The re-introduction of the Dräger breathalyser in a pilot phase in the Western Cape is a welcome step that should be applauded by all South African motorists, the Automobile Association (AA) has said.
In June, the National Prosecuting Authority (NPA) announced that Evidentiary Breath and Alcohol Testing (through the Dräger breathalyser) would be re-introduced from 1 August.
“This is an important development in the fight against drinking and driving; we believe all law abiding motorists will support this move in the knowledge that it will make them safer on the roads,” the Association noted.
The Dräger breathalyser was first introduced in 2011 but was withdrawn after the Cape High Court found there were problems with the way it was used.
According to the Western Cape Department of Transport and Public Works the judge also found, however, that “… the breathalysers are a reliable means of testing for alcohol in a suspect, and that they should be used as a tool to eradicate the scourge of drunk driving for the better of society”.
The Western Cape Department of Transport says the Dräger device can read how much alcohol is in a person’s breath and that the readings it provides can be produced as evidence to prosecute people accused of drinking and driving.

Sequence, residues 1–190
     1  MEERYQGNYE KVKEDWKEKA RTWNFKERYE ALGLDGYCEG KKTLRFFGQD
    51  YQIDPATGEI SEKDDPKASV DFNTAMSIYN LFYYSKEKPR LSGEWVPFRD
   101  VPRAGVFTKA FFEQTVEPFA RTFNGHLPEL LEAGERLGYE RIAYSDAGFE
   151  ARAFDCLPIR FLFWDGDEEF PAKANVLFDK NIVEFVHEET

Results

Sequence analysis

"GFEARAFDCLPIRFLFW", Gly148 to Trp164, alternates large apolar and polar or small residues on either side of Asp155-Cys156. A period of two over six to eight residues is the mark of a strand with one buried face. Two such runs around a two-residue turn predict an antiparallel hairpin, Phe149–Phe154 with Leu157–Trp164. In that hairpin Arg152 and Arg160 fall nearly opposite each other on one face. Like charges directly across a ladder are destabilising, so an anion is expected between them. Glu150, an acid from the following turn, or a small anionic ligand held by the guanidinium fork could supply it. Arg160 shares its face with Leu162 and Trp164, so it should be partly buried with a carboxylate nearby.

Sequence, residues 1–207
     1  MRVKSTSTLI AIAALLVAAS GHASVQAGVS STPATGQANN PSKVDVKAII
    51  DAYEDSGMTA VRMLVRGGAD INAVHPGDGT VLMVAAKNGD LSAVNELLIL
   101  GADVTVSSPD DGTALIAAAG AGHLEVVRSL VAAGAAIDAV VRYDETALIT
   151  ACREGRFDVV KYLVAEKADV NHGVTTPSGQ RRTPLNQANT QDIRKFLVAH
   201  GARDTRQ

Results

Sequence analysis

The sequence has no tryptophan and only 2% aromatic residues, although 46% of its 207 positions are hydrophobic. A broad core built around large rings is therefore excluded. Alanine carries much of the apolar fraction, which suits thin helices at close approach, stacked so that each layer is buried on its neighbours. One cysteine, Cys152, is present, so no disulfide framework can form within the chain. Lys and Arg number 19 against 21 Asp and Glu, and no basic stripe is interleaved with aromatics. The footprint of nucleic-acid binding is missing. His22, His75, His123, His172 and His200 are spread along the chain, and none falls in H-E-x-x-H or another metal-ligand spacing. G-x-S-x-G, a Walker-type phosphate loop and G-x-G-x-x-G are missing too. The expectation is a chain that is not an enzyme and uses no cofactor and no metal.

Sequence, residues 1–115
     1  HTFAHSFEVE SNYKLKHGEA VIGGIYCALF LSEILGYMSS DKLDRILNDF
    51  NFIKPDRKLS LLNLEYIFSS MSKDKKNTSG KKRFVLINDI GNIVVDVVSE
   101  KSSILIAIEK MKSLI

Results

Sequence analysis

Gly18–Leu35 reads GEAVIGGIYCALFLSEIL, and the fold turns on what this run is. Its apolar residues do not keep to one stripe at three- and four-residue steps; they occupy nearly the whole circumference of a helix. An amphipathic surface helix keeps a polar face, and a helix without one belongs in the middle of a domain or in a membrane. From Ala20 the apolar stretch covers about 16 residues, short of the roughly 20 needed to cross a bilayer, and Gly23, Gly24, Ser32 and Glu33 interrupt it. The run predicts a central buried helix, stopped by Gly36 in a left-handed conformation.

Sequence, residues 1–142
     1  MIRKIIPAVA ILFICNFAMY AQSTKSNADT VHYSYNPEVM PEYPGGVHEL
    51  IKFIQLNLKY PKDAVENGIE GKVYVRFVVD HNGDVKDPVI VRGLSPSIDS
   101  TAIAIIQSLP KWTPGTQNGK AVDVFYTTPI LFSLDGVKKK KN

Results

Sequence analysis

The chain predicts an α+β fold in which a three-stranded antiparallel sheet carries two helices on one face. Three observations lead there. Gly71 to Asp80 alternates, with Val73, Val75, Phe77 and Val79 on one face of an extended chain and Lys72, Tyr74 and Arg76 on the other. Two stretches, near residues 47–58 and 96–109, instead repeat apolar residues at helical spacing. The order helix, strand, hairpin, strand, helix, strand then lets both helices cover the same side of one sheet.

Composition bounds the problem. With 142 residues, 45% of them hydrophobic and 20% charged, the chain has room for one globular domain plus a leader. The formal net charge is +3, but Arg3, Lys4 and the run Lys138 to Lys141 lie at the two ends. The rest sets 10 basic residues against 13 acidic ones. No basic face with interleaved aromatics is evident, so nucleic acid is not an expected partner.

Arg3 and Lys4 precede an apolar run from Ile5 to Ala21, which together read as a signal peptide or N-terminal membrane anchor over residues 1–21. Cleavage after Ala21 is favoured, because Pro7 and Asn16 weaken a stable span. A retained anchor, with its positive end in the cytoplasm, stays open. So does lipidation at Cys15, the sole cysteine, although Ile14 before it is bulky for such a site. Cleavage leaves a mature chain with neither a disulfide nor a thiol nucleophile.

Following the court’s decision in 2011, the Western Cape government created a task team to work through the problems identified by the court and rectify them. The team comprised of representatives from the National Prosecuting Authority, the National Department of Transport, the South African Bureau of Standards, Western Cape Provincial Traffic Services, and the Gene Louw Traffic College.
“It’s a welcome aspect of the re-introduction of the Dräger breathalyser that the Western Cape authorities continued to seek a solution to the problems highlighted by the judge in 2011. That they are now ready to re-introduce the device is commendable,” said the AA.
According to the Road Traffic Management Corporation (RTMC), approximately 13,000 people died on South African roads last year. The AA said that any measure aimed at curbing this carnage is welcomed and would ensure those who continue to drink and drive are held more accountable for their actions.
“The message is drink OR drive, not both. And, with the many drive home services that are available – including the AA Designated Driver service – drinking and driving should not be an option. Once this re-introduction has proven successful, it should be rolled-out to all provinces as a matter of urgency,” the AA concluded.
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